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Sugar Land Swimmer Breaking Stereotypes On Way To Rio

The Summer Olympic Games begin August 5, and Sugar Land native Simone Manuel will be there. For Manuel, making the Olympics as a 19-year old is not surprising. Making the Olympic team as an African-American is.


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Simone Manuel
Simone Manuel

The road to Rio is not an easy one. For Sugar Land native Simone Manuel, it began at an early age.

"I started swimming when I was four and that was just swim lessons, and then I did summer league swimming at the age six, and then I decided I wanted to do year-round swimming at the age of nine," says Manuel.

At ten years old Simone says she earned her first state record. At 19, Manuel made the U.S. Olympic team.

"Seeing the Olympic rings by my name I was just in shock, I just didn't really know what to do, I didn't know how to react. I think the only thing I probably said inside my head was, ‘Thank God.’ But, I definitely was really excited," she says.

The excitement of making the Olympic team is preceded by thousands of hours of preparation. Manuel's current practice schedule includes at least nine workouts a week. But the commitment began before she became a teenager.

Allison Beebe was Manuel's coach with the First Colony Swim Team in Sugar Land.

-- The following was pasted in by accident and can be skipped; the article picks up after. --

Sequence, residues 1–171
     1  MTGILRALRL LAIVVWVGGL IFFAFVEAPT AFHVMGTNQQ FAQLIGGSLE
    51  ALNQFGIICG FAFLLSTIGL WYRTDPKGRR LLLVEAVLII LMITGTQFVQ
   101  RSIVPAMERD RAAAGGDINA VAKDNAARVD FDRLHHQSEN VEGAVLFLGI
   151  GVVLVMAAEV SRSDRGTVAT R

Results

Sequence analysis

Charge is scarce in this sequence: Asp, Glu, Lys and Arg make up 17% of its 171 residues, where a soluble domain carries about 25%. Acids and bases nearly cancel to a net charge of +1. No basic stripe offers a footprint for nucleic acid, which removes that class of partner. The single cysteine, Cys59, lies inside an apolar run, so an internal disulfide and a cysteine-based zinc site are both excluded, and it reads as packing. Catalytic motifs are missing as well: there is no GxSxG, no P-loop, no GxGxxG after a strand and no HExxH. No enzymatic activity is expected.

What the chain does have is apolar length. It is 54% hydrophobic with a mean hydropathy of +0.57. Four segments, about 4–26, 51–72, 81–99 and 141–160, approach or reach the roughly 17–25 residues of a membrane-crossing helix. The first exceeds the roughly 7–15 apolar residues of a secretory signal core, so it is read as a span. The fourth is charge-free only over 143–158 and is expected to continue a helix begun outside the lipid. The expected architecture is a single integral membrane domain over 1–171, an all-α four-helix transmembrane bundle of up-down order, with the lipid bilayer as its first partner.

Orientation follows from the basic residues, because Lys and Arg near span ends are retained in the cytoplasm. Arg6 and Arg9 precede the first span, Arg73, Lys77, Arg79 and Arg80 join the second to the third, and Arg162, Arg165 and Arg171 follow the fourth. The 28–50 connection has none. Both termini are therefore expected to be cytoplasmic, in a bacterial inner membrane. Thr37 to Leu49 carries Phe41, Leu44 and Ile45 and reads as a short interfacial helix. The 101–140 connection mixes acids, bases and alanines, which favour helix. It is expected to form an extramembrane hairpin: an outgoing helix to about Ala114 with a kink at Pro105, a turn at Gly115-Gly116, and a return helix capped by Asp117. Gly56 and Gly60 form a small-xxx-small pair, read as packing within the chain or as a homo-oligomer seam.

"It's a lifestyle. It's not only the hard work at the pool, but making smart choices socially. In terms of nutrition, making sure that they're helping the recovery process in between practices. The family needs to be supportive but not pushy. So it's a lifestyle, and it's a healthy lifestyle if managed correctly,” says Beebe who now coaches with the Santa Clara Swim Club in California.

Hard work is the norm for an Olympic athlete. What makes Simone's path unique is the color of her skin. She’s African-American.

"Around the age twelve was when I came home from practice and asked my mom, ‘Why aren't there many people like me in the pool?’ And I think she was kind of surprised by that, but she helped me, we got some information, and we got some answers and from then on I was like, this is what I love to do even though there aren't many people like me doing it," she says.

And “do it” she has. As a freshman at Stanford, Manuel won the NCAA 50-meter freestyle. She sat out this past year to train for the Olympics. And after a couple of weeks in San Antonio, the Olympic swim team has gone on to Atlanta before their trip to Rio.

"Last time I've been in Sugar Land was Christmas," says Manuel, who won’t make it back to town until after the Olympics.

Now her focus is set on Olympic glory. While many are concerned about the rumored poor accommodations in the Olympic Village, or the Zika virus, Simone has tunnel vision.

Manuel says, "USA Swimming has really helped with the process of soaking our clothes in mosquito repellent, and we have mosquito bug spray and bed nets, so we're taking all the precautions but our main focus is to be ready to compete and work hard for our country."

Manuel will compete in the 50 and 100-meter freestyle events.

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